Tag: Tech

You Could Be Mining This Cryptocurrency Without Knowing It

Zcash is a new virtual currency that claims to be more anonymous than bitcoin, and has garnered interest from academics, investors, and criminals.

Perhaps thanks to the latter group, hackers are allegedly installing malware on unsuspecting users’ computers that forces them to mine Zcash for the hackers’ own profit.

The malware is distributed via links for things like pirated software, according to a blog posted on Monday by Kaspersky Lab security researcher Aleks Gostev.

Once installed, it forces a person’s computer to mine Zcash—basically solving math problems for a reward in the currency—and funnels the funds back to the attacker.




According to Gostev, around 1,000 possibly infected computers have been identified. This many zombie computers mining Zcash could generate as much as $75,000 a year in income, Gostev wrote.

Downloading mining software to a PC doesn’t necessarily have severe consequences for a user’s data,” Gostev wrote me in an email.

However, it does have the effect of increasing the energy consumption level of their machine, which results in more expensive electricity bills.”

Another consequence is a heavy load on the PC’s RAM, because mining software consumes up to 90% of available memory,” he continued, “which leads to a significant performance slowdown.

According to Zooko Wilcox, founder and CEO of Zcash, the most users can do at this point is protect themselves.

Unfortunately, we have no way to prevent this kind of thing, since Zcash is an open source network, like Bitcoin, that nobody (including us) controls,” Wilcox wrote me in an email.

Our recommendation to security companies that detect this kind of activity, like Kaspersky, is that their software should alert users when potentially malicious software is detected, and give the user the option of shutting it down or, if it was deliberately installed by the user, allowing it to run.

This sort of thing isn’t unique in the world of virtual currencies. Bitcoin, for its part, has seen a number of botnet mining pools over the past several years.

Even some bitcoin alternatives, like Dogecoin, have been fertile grounds for similar attacks.

Botnet mining on these currencies has mostly died out because they were designed so that mining difficulty increases over time and the rewards continually diminish.

In this situation, even an army of regular PCs can’t compete with the specialized hardware employed by big-business miners, known as ASICs.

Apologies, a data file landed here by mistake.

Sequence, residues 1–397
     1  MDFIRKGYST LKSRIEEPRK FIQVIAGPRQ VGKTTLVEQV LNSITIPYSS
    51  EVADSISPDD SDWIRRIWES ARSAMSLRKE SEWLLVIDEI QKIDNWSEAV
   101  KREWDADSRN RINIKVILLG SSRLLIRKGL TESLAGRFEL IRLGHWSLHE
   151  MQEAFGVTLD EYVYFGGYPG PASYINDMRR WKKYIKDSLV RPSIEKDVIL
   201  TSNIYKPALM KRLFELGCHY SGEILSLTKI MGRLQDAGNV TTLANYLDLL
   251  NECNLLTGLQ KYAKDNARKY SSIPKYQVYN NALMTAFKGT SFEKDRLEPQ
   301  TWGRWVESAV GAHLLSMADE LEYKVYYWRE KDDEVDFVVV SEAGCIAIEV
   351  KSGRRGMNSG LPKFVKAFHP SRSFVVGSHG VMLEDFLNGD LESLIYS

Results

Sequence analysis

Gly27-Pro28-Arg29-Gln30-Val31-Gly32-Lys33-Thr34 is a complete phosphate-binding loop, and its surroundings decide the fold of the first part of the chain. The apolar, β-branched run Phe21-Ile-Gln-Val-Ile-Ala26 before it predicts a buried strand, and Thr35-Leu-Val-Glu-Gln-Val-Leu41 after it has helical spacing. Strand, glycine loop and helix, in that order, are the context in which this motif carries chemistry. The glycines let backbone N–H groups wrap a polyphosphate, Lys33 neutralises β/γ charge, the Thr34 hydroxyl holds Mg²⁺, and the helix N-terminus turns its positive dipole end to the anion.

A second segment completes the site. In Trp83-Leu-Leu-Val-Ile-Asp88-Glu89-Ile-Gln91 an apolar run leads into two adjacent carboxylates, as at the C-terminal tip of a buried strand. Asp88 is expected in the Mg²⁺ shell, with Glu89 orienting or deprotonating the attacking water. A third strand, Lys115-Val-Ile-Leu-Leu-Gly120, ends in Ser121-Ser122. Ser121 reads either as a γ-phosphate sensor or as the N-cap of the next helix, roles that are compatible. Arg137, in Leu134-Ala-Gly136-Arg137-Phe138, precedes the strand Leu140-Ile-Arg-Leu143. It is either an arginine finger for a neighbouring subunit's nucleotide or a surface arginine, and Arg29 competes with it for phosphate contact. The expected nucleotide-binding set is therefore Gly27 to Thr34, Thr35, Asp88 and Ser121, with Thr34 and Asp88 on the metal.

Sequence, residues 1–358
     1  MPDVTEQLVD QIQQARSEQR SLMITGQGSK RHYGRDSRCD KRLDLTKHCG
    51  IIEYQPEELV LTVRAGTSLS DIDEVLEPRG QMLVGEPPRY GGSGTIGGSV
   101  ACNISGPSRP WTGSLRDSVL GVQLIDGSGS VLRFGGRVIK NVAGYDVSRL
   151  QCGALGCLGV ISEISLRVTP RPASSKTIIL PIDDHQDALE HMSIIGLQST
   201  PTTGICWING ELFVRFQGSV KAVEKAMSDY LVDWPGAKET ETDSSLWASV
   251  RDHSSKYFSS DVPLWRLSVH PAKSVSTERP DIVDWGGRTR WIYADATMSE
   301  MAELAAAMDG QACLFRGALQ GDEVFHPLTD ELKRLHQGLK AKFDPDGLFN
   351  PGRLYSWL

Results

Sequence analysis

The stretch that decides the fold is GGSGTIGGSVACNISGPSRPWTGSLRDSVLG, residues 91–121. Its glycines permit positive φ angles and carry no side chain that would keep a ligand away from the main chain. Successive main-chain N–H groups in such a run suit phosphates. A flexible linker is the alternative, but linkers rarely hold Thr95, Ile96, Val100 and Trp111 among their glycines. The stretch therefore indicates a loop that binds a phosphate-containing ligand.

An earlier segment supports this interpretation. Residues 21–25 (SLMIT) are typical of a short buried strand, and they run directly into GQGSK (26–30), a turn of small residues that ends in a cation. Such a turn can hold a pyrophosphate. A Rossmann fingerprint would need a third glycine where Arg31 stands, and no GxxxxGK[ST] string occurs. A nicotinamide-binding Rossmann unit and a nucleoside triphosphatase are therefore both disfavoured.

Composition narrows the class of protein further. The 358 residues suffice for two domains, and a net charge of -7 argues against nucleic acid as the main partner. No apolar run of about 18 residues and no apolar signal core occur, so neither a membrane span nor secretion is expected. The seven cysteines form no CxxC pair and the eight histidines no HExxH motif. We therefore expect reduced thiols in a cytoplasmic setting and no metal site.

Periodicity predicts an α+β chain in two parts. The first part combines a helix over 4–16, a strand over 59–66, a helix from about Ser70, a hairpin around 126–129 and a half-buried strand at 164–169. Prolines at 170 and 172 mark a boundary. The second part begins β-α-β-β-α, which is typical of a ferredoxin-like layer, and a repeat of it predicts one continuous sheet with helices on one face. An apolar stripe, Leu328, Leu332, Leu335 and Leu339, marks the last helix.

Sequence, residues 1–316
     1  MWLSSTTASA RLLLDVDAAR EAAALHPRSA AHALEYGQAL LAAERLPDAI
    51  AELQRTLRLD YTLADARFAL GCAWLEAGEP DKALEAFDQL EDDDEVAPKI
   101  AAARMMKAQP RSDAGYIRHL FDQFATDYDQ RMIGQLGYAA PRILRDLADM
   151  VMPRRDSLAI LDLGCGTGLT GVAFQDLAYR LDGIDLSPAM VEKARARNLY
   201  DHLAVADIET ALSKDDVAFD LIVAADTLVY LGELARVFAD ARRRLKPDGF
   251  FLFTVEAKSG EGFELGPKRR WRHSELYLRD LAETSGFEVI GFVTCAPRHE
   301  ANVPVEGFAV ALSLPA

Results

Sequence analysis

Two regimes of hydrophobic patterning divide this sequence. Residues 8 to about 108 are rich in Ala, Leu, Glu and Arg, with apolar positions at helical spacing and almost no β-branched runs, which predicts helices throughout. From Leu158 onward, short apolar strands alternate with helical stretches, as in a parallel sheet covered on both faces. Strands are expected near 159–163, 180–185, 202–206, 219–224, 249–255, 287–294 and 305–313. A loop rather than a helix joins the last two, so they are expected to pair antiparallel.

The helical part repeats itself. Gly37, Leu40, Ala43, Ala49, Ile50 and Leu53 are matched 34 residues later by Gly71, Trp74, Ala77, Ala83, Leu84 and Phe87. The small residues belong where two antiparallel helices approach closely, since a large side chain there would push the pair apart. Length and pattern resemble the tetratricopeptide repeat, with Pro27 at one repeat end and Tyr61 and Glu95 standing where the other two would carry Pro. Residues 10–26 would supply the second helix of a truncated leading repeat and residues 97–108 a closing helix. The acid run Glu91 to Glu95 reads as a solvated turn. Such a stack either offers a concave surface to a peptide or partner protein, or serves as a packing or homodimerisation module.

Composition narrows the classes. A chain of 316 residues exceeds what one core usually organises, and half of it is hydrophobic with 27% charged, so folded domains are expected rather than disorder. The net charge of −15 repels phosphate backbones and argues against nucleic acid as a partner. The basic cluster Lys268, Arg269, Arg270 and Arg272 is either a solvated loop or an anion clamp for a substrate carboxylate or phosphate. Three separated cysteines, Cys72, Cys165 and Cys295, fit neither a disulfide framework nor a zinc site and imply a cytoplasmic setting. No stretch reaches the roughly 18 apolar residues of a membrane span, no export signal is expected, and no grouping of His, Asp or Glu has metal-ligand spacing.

Wilcox contended in an email that it’s incorrect to describe non-consensual Zcash mining as a “botnet,” writing, “A botnet is where you have a controller that can deploy software automatically to a large number of compromised machines.

The potential difference for Zcash, however, is that the currency is touted by its creators as being resistant to the use of ASICs, making mining with plebeian hardware a profitable approach over the long-term.

Zcash could theoretically be mined on a smartphone.

This may make Zcash mining less resource-intensive and thus more decentralized, but, somewhat ironically, it may also have the unintended side effect of making botnet mining with malware a consistently attractive option, despite diminishing returns.

However, according to Marco Krohn, chief financial officer at cryptocurrency mining firm Genesis Mining, the current state of botnet mining on Zcash as described by Kaspersky’s Gostev isn’t of much concern.

Only if a botnet manages to infect 250,000 computers, exceeding 10 percent of the whole network’s mining power, Krohn said, would miners see any effects.

But while bigger electricity bills aren’t a problem for professional miners, the average person might not appreciate the financial strain.

According to Gostev, users should check their security software to make sure blocks legitimate software from being used for malicious purposes, which might be disabled by default.

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Pass it on: New Scientist

Microsoft’s Cortana Falls Behind Alexa And Google Assistant at Consumer Electronics Show

The annual Consumer Electronics Show is always a good opportunity to get an early look at devices coming throughout the year.

It’s also a reasonable gauge on the health of an ecosystem, or emerging platforms. At this year’s CES it was all about Alexa vs. Google Assistant.